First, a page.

I didn’t identify as an introvert, specifically an INTJ introvert, until I read Susan Cain’s Quiet:The Power of Introverts In a World that Won’t Stop Talking. In 2013, I tutored at-hope youth (thanks for guiding me about changing the ‘at risk’ terminology Kim Scott!) at Burbank High School in San Antonio, Texas. The job required me to be “on” constantly, and to mentor students from 7:45-5:45 each day. Looking back, it’s no wonder I felt exhausted. As an introvert, I craved being alone throughout the day, while my extroverted coworkers planned team hangouts.
Working with people drained my energy. For my coworkers, working with others gave them energy. After reading Quiet, I learned that introverts aren’t necessarily shy. They don’t hate people. They just need time to recharge. We are very introspective people. While I enjoy going to parties, I’d rather spend quality time with one or two people. Group hangouts can overwhelm me because I’m an attentive listener, but it’s hard to focus on one idea when conversations are criss-crossing one another at the dinner table. While this list definitely has extrovert qualities as well, here’s how I see travel as an introvert:
1. Solo travel isn’t scary.
In June 2013, after my job in Texas ended, I drove from San Antonio to Los Angeles in two days, then flew to Japan. I wanted to be in a completely different place, where just walking down the street would be a challenge, because I couldn’t read the signs. I had to just sit back, watch and listen. I was comfortable trying roasted squid on a stick in a Tokyo market , but I also enjoyed meeting up and staying with my friend Kaori, owner of Colori Caffe, the only queer café in Kyoto at the time.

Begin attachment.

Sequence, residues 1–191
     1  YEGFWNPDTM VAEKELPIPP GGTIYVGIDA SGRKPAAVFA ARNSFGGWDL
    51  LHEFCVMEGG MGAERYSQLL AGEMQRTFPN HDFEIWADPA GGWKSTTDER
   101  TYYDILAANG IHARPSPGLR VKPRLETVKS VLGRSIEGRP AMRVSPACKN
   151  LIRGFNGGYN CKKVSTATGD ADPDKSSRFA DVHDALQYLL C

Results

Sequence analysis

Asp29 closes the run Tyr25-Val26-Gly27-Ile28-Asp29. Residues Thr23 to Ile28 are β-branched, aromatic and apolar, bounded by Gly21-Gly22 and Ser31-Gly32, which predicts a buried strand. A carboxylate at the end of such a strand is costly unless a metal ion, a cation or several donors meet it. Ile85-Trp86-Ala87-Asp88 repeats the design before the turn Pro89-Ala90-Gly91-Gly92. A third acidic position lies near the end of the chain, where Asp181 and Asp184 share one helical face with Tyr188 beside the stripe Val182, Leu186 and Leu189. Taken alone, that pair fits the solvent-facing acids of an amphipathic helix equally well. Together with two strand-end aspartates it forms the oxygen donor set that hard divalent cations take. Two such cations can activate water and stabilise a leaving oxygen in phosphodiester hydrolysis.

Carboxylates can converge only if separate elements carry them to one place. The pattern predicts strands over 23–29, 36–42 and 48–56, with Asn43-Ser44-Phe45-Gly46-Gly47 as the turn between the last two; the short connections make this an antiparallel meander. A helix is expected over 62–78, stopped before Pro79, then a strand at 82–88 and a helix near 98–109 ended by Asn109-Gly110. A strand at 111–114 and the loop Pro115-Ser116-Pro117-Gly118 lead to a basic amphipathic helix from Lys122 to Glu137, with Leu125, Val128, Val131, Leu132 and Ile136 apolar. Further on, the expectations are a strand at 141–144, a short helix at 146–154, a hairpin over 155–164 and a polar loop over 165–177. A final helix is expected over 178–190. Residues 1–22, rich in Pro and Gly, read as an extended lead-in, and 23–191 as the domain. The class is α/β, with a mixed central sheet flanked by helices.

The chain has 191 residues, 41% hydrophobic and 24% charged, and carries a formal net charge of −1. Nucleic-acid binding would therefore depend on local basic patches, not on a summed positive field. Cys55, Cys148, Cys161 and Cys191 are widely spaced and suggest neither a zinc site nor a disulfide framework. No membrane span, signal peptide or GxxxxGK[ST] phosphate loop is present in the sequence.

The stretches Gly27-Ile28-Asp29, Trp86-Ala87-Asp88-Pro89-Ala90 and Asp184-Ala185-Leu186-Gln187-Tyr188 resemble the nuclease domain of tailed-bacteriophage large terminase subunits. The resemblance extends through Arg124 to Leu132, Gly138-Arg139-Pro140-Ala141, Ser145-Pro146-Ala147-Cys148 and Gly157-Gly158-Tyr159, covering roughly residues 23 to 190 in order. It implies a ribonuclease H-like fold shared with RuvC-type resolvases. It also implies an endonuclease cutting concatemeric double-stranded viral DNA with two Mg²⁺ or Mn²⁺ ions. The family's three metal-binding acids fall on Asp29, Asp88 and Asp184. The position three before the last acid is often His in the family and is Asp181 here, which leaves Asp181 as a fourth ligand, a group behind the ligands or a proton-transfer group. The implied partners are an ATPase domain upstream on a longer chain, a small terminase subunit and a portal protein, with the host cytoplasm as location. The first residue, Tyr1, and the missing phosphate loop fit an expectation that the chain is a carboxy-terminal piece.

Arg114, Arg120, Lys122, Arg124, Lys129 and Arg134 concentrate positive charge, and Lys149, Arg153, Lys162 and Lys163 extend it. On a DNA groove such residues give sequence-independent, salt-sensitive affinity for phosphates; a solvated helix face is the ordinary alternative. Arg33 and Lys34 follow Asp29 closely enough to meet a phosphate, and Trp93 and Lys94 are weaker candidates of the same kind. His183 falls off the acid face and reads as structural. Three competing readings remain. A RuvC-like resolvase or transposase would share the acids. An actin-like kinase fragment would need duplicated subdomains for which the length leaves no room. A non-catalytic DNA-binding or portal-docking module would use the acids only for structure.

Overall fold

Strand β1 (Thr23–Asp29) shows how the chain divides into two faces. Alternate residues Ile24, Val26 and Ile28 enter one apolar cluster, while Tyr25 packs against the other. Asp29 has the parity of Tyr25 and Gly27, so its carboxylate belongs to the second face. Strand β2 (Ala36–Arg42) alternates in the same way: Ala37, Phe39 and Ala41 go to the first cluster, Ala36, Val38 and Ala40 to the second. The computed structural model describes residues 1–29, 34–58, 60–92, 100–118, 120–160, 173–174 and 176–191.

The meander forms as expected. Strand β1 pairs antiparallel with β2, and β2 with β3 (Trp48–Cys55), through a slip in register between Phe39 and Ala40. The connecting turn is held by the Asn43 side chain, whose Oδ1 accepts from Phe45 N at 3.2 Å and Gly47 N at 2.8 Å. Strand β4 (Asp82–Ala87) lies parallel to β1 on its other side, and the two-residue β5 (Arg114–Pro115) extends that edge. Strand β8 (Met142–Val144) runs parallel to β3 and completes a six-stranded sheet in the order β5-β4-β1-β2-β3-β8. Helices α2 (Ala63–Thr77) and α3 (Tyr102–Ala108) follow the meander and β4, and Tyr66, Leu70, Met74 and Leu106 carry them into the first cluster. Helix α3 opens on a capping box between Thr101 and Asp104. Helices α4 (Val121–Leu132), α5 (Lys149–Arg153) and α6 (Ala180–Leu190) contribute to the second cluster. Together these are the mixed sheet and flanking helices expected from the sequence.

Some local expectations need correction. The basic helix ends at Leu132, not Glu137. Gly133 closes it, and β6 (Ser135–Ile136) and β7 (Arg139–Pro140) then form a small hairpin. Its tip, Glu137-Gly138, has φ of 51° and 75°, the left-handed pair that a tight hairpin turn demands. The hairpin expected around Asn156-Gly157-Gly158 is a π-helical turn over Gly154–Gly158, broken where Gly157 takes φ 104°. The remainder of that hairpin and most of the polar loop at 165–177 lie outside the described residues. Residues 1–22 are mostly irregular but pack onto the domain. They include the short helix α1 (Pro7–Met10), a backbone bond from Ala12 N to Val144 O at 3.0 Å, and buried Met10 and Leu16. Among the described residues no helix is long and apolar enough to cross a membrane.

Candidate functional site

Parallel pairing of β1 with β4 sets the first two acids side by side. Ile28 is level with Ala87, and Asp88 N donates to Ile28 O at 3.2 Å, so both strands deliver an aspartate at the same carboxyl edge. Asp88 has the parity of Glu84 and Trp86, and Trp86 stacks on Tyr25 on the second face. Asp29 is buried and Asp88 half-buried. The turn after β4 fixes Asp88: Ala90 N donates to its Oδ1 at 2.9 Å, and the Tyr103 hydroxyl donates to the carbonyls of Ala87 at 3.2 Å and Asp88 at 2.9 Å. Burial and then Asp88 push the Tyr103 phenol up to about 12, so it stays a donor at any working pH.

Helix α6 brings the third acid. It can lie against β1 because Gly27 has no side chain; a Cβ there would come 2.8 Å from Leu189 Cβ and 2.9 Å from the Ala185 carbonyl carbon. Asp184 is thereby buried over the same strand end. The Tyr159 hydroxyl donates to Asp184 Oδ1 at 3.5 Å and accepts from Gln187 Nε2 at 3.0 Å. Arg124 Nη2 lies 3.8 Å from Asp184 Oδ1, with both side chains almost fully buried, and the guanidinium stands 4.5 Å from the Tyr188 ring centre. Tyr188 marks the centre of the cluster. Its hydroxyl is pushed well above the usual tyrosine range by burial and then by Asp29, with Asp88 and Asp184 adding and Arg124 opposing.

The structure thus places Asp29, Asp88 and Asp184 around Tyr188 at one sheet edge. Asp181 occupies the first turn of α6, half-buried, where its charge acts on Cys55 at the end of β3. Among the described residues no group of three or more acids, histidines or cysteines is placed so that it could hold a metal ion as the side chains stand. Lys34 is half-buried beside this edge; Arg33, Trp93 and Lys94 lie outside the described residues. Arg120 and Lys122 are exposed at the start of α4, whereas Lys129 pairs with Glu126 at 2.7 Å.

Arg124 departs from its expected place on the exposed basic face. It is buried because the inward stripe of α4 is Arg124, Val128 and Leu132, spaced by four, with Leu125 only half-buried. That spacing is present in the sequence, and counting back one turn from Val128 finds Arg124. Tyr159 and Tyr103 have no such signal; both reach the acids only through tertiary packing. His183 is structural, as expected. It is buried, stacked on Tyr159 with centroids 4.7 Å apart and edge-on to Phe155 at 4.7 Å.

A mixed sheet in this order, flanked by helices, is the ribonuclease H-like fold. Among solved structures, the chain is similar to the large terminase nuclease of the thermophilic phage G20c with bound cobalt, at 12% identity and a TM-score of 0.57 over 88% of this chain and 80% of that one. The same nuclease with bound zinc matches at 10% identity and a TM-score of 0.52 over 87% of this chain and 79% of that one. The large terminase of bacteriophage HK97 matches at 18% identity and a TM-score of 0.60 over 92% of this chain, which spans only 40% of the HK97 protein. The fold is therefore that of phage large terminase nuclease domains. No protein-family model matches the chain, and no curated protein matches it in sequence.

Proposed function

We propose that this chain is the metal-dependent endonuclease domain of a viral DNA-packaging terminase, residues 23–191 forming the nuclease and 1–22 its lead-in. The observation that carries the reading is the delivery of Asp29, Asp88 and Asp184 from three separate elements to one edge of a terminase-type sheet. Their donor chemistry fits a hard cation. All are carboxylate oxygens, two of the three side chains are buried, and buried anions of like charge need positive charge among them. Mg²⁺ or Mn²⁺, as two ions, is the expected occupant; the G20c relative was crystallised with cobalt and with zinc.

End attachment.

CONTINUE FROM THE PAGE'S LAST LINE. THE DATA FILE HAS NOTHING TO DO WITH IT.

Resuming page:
2. Non-verbal communication is important
In Japan, when I wanted to ask how to get to Colori, I stopped by a konbini (convenience store) and asked for directions. The cashier was confused, but I could tell he wanted to help. I took out my journal, and began drawing a sketch of where I thought the café was. Then, he grabbed my pen and drew my destination in. After that, I knew where to go.
3. I prefer making a few solid relationships
I’ve been in Nicaragua with the Peace Corps for 14 out of 27 months. Although I do live here, I still consider myself to be in a state of travel. Each week is different, and there’s so much in this tiny country that I need to see. I have my Peace Corps family, but I can honestly say that I’ve made 2 good Nicaraguan friends, Rosa and Abigail, who are in their 30s and 40s. Rosa is a single mom who has seen me at my lowest points, such as after a long distance break up. Abigail has also seen me at my worst and at my best. I appreciate her so much that she was the subject of my first acrylic portrait ever!
4. I take advantage of free time
Back home, I would run out the door every morning, careful not to spill coffee on my shirt on the way to work. I’d teach math and science from 8:15-5:45, go to the gym, then come home and look at Buzzfeed Travel articles. Or, I’d look up pinterest recipes to give my every day lunch some sort of variety. When my student asked me “Miss Stoever, do you have a boyfriend?” I wouldn’t say “No, I’m gay”, because I didn’t feel comfortable coming out to them. I would just say “I’m too tired to date right now. Sometimes I take naps before I go to sleep!” They thought I was kidding. I wasn’t.
Now, living abroad has given me more down time than ever. I’m more energized. I have time to use my French Press to make my morning coffee. I’ve had more time than I ever thought I would have to reflect on how much I’ve grown, and to paint the portraits I never thought I’d be good enough to paint. Now, I write about my travels instead of just reading about travel.